I never heared of Hantu Tetek using her huge breasts to suffocate people to death. That I know off, it was claimed that this ghost would hide children under/wrapped in her breast so that the child cannot be seen by people looking for it, even if they walk right in front of the child. It was claimed that the child can see the person who is looking for him/her but cannot communicate. Usually used to frighten children as not to continue playing at sun set.

ANDY: Pop Music Not Pills. © said...

The whole point of this ghostly tale is definitely to discourage children from playing outside during sunset. Nothing else.

BTW, the version I heard as a child is different, that the ghost is a flying bat and has not been documented elsewhere on Websites.

(Above reply by YOSRI is from World Horror Stories on the Internet.)

Simin Wang said...

Dear Andy,

I am a producer at Channel NewsAsia, and I'd like to get in touch with you because I am working on a show about Singapore in the 60s. Can you email me back when you see my message? Hear from you soon!

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ANDY: Pop Music Not Pills. © said...

Thank you both for your interest in this blog. I appreciate it very much. I shall reply to you Simin and to the other visitor i shall check the book site of ra kostenlos.

chakap chakap said...

Just as the Americans have Halloween, the Chinese have the Hungry Ghost Festival (also known as Zhong Yuan Jie in Chinese), when the souls of the dead are believed to roam the earth.

According to custom, these ghosts can get up to mischief if ignored so all sorts of offerings are made during this period, which is the seventh month in the lunar calendar.

And as if satisfying the ghosts’ appetites for money and food wasn’t enough, taking care of their entertainment is also important.

Large tents are set up in open fields to host raucous dinners and auctions in heartland estates. There are performances such as Chinese operas and 'getai' (literally ‘song stage’ in Chinese, or live stage performances), which feature tales of gods and goddesses, bawdy stand-up comedy, as well as song and dance numbers.

Everyone is welcome. Just remember not to sit in the front row, unless you want to rub shoulders with the ‘special guests’.

from www.yoursingapore.com

ANDY: Pop Music Not Pills. © said...

The West calls it Halloween. We call it Hungry Ghost. Careful when you go home late. They lurk everywhere...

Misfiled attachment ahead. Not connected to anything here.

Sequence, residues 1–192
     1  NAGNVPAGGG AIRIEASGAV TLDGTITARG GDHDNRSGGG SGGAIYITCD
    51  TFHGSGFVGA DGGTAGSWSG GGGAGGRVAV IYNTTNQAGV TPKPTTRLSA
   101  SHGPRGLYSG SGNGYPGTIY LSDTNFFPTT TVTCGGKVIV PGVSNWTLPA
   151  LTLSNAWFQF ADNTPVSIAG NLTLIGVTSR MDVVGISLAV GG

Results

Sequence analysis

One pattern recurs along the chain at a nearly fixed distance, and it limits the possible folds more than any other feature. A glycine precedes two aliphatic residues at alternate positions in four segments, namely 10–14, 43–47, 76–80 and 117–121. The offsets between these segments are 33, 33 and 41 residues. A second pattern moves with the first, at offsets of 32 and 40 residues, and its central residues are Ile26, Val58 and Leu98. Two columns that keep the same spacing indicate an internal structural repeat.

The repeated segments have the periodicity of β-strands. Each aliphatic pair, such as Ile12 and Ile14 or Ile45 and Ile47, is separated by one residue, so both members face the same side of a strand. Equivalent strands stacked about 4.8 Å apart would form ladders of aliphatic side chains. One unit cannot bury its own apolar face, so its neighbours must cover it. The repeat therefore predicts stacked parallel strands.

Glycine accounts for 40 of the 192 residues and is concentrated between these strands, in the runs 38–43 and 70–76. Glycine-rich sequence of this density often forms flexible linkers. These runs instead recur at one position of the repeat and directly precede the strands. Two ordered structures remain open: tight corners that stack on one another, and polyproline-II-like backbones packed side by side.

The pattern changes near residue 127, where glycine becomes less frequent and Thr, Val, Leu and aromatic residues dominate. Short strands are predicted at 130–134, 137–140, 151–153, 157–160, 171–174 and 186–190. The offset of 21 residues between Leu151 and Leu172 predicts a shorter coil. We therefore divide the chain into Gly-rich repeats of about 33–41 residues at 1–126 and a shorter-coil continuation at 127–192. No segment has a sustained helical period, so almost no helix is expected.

DICK YIP said...

No longer fearful in the night. Today, Pokemons more powerful ! Even at night...!

LINA KOH said...

Even they become Pokemon zombies. My area are full of Pokemon catchers/zombies thinking they're playing Pontianak Go.

ANDY: Pop Music Not Pills. © said...

Thank you Lina. It's true. They turn to zombies. Dick Yip doesn't know yet. He hasn't seen the worse. He's intoxicated by durians. Hungry ghost month. Don't pray pray.

STEPHEN HAN said...

In the 60s there were ghostly tales of the Pontianak.I remembered once people gathered around the St Anthony’s Convent to get a glimpse it of the Potianak.

ANDY: Pop Music Not Pills. © said...

That's interesting Stephen. Could you elaborate on this? The only Pontianak I've met was on the screen. She was pretty scary. (Thanks to the other FB friends who LIKE this post, Stephen included.)

STEPHEN HAN said...

I too was among the Pontianak watchers.However to my dismay ,couldn’t see one.

DAISY KOH said...

Rumour about pontianak in the 60s at Siglap Road near where we stayed ... and orang minyak

HIROSHI DEGUCHI (JAPAN) said...

I kind of like this time of the year. We have "Obon" custom which is quite similar to Hungry Ghost festival. . There seems to be something that makes me calm, spiritual and feel happy to think about ancestors, where I came from with looking up at the sky that is getting clear and high as the scorching summer is coming to the end.

ANDY: Pop Music Not Pills. © said...

Thanks, Daisy.

Been in Siglap for many years. I could only see the coconut trees. :-) But yes, there was a Kampong Siglap not too far from the beaches of Katong. Lots of female sirens with long hair who disturb the fishermen and sailors those years.

Thanks, Hiroshi,

Interesting information. I need to read about OBON custom. It's true that each race and religion has its own tales of the spirits. Believing them or otherwise, we just have to respect these beliefs and the supernatural. Appreciate your contribution, Hiroshi.

Unknown said...

Dear blog readers, do you all notice, all these devil & ghostly stories came about after the 2nd. World War /Japanese Occupation periods. It began with the parents way of keeping children indoors after dark.

STEPHEN HAN said...

Neil Sedaka called the young Pontianak the “Little Devil “.